5. Submitted by Jeff Klein on 04/15/2010 - 10:28 am.

    “It is anti-spending, anti-debt, anti-bailout, and anti-big government.”

    Oh, that’s why we heard so much from them during the Bush administration then.

  6. Submitted by Mohammed Ali Bin Shah on 04/15/2010 - 11:03 am.

    So, more people pay less, leaving a larger burden on fewer people. and this is fair how?

    People actually get paid by the government n(other taxpayers) in the form of credits. How is this fair or even legal?

    Sin taxes are up. Property taxes are up. Fees are up. Gas taxes are up.

    And in MN, our spending has been increasing 20% every biennial budget. Has our population increased that much? No. Has inflation increased that much? No? Have state salaries and benefits increased to levels 26% above average private sector jobs? Yes!

    Sharon’s view of the tea party as just anti-tax was indeed unfair, but viewing it as anything different would cause LIBDEMs to see how out of control spending really is.

  7. Submitted by Paul Udstrand on 04/15/2010 - 11:13 am.

    Just a quick note: I posted this story on my Face Book wall, but the only image (thumbnail) I could really use was a weather thing with the current temp on it, nothing else was really appropriate. Might want to associate a standard Minnpost image with your stories.

  8. Submitted by Richard Schulze on 04/15/2010 - 11:26 am.

    That’s the irony Jeff.

    I wholeheartedly believe in the concern of anyone at large deficits now, provided that they were likewise concerned by large deficits run by republican presidents who didn’t even have the excuse of a not-so-great recession. Otherwise, I think we know what’s going on.

  9. Submitted by Thomas Swift on 04/15/2010 - 11:50 am.

    Oddly enough, CNN is featuring this same story today.

    http://www.cnn.com/2010/OPINION/04/15/hodge.non.taxpayers/index.html

  10. Submitted by Ross Willits on 04/15/2010 - 12:13 pm.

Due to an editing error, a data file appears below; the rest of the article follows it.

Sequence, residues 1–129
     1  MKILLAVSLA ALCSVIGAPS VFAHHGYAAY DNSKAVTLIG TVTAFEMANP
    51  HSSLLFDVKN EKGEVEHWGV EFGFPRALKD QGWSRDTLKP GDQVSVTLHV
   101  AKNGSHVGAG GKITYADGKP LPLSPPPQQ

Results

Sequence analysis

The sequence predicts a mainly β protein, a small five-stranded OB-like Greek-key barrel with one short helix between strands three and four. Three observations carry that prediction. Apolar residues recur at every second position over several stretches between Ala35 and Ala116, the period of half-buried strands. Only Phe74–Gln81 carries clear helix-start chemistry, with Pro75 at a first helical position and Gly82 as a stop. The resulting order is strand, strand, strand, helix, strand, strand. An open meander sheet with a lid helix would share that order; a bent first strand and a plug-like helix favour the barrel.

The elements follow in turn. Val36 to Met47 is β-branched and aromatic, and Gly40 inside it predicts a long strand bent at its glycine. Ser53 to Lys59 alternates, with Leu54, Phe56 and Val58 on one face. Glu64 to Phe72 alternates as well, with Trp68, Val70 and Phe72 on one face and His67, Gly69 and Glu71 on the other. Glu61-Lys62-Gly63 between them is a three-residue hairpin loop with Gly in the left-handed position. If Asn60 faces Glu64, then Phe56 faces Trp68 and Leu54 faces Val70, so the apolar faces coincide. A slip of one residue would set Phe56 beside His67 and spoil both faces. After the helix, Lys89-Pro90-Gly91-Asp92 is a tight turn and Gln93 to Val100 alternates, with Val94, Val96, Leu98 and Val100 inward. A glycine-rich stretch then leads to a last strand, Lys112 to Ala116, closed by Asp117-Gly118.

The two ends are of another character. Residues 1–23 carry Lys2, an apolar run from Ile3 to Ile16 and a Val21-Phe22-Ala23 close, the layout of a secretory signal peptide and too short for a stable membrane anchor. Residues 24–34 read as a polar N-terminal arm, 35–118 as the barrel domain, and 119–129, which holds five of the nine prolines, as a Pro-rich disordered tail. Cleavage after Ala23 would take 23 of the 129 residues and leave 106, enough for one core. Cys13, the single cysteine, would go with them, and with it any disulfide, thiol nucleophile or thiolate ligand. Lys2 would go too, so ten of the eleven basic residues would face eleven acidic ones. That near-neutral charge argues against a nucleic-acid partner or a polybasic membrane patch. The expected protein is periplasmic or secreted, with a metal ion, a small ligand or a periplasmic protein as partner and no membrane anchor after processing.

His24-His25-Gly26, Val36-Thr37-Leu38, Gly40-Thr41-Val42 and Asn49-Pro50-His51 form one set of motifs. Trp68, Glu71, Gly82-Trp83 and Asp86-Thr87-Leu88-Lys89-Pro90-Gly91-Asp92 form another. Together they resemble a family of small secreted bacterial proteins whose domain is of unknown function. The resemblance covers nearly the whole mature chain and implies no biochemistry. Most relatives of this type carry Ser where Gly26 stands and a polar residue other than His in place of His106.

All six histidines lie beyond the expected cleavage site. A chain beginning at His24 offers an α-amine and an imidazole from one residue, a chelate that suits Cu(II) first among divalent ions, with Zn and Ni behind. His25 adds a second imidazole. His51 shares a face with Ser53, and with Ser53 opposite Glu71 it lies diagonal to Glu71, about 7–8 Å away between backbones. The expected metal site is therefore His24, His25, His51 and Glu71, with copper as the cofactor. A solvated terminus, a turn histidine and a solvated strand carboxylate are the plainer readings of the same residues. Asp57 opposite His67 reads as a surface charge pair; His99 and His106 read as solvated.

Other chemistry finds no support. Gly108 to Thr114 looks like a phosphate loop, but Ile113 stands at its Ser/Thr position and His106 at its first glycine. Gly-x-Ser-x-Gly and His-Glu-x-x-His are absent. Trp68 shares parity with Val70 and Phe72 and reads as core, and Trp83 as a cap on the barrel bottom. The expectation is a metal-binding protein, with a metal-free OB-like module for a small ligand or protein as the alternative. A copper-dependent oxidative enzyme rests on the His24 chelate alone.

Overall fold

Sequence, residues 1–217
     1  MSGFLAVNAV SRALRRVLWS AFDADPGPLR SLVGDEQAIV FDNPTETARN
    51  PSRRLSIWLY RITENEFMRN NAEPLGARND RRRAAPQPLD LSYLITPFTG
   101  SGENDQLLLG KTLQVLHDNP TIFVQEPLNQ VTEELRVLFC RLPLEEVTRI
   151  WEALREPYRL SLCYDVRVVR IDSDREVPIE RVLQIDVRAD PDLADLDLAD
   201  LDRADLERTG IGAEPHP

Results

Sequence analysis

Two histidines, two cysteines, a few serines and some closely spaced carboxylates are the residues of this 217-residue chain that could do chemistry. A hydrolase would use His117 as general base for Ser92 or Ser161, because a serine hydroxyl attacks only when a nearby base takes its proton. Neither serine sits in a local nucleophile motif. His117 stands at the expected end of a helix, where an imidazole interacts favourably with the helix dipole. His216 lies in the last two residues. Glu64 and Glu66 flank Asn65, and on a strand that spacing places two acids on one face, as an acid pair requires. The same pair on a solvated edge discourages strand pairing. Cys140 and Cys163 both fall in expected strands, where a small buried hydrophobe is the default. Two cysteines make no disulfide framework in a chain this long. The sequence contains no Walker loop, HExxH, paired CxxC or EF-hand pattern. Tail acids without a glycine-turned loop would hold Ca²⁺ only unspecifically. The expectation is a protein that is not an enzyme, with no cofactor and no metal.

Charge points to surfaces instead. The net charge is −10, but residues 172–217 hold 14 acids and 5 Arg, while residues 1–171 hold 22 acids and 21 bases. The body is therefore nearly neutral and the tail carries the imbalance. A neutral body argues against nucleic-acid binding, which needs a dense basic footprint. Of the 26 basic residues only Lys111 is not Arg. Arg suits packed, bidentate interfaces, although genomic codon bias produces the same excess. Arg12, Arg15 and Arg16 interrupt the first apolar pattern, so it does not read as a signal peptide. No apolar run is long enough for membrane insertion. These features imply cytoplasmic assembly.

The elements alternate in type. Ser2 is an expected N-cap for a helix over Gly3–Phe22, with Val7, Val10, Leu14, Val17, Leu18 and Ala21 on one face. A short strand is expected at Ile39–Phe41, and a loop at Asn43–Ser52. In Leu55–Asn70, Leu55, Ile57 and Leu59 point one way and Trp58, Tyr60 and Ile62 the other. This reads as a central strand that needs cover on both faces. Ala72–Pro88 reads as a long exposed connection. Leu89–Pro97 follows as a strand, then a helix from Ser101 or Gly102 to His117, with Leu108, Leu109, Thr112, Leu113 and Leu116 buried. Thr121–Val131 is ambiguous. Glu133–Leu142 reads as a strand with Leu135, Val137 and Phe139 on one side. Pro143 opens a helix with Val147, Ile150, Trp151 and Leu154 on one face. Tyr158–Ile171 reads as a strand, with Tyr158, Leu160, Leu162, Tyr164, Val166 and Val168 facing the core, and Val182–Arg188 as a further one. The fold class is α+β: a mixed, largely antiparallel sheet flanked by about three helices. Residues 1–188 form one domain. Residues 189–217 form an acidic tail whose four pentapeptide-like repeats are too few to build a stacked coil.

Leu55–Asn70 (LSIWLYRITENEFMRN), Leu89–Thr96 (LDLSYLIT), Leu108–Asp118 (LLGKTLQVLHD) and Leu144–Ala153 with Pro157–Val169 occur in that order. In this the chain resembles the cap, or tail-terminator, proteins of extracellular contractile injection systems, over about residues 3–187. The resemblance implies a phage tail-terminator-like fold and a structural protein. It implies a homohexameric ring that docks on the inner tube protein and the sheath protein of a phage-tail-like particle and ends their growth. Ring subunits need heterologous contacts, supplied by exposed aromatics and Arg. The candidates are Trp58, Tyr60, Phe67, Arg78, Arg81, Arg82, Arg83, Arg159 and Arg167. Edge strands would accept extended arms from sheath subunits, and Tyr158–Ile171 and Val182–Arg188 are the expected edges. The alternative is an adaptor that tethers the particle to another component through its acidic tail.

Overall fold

Thank you for this article. This was everything that yesterday’s article reprinted from the Christian Science Monitor was not. Excellent, well-researched work. Thanks.

  11. Submitted by Jeremy Powers on 04/15/2010 - 12:49 pm.

    I certainly noticed my taxes went down. A lot! I’m a small businessman and I do my own taxes so I noticed that I even got an extra credit for putting money away in a SEP IRA. As a result, I dug out my checkbook and started writing some checks to charity — the local food bank got a good sized one.

    I am concerned about the deficit — as we all should be. But I agree that, faced with the worst economic downturn in my 55 years, Obama and Congress did just about everything right. Now is when you rish deficit spending to prevent the complete collapse of the economy, which as I get older I understand just how fragile it is. My only Congressional anger was over TARP, which was a G.W. Bush plan, rubber stamped by a Democratic Congress.

  12. Submitted by Eric Ferguson on 04/15/2010 - 01:49 pm.

    MOhammed, “So, more people pay less, leaving a larger burden on fewer people. and this is fair how?”

    It’s not true. Notice that people who complain that the rich pay too many taxes always count only the federal income tax. They conveniently leave out all the other taxes, so they can propagate the lie that many people don’t pay taxes. There’s nobody who doesn’t pay taxes.

  13. Submitted by Sharon Schmickle on 04/15/2010 - 01:52 pm.

    Ron and Mohammed,
    The article doesn’t say taxes are the only Tea Party issue. It says these groups are influential this year on this particular issue. And it says that one of the Tea Party groups in Minnesota is staging a rally at the Capitol today, the day of the tax filing deadline.

    This is not a definitive article on Tea Party sympathizers, but one that mentions them in connection with the topic of the day.

    Hope that clears up that issue. And thanks for your interest in the article.

    Sharon Schmickle

  14. Submitted by Bernice Vetsch on 04/15/2010 - 02:43 pm.

    Mohammed (#6). Except for the tax on gasoline, the taxes and fees you correctly identify as rising are those that cities, small towns and counties had to raise year after year as Governor Pawlenty cut the monies DUE TO THEM and needed by them to maintain such services as school systems, streets and roads, parks and recreations, public hospitals, and even police and fire protection.

    The property tax we pay to the state is supposed to be divided between the state and local governments, with more money going to small towns that can’t afford such things as a new water treatment plant, for instance, and to large cities with many non-English-speaking immigrants and many people with low incomes.

    You can thank Governor Pawlenty and the others who apparently don’t care that government must have sufficient revenue to meet the real needs of regular folks for these raised taxes. You can read more about the anti-tax movement at the web site of its founder, Grover Norquist, http://www.atr.org.